“Chain of Links” or “Disorderly Tangle of Lines”?
The generation of interwar modernists, Pynchon suggests in Gravity’s Rainbow, has “wrecked” the orderly rooms of traditional history, threatening the “idea of cause and effect itself” (56). Old narrative orders have been dismantled, but has anything been created in their place? “Will Postwar be nothing but ‘events,’ newly created one moment to the next? No links? Is it the end of history?” (56). What will our choices be in the age of “posthistory”: the way of “love” and “connection” or the way of “death” and entropy? These are questions that Pynchon’s fiction has continually raised without ever settling them. Few of his characters are ready to embrace the “symbols of randomness and fright” as readily as the wise statistician Roger Mexico, whose job in Gravity’s Rainbow is to predict the rockets’ hits on World War II London. When faced with disasters, most of Pynchon’s characters fall back on reassuring narratives and “preserving routines” as protection “against what outside none of them can bear—the War, the absolute rule of chance, their own pitiable contingency” (96).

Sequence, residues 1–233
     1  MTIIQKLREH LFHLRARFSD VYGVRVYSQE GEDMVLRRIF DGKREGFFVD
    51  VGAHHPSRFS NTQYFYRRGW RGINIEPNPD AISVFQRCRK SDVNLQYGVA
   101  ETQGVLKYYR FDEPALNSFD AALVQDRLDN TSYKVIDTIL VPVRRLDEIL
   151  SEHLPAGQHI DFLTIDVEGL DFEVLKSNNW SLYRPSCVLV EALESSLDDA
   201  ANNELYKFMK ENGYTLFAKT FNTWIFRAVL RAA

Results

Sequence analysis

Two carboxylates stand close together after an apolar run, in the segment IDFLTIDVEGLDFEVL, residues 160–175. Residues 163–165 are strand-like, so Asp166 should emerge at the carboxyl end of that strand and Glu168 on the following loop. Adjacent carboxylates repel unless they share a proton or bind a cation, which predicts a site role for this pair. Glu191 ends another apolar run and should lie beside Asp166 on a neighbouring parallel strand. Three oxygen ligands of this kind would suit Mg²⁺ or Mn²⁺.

KeywordsGrand Narrative Dodo Bird West Line Subversive Potential Film Footage
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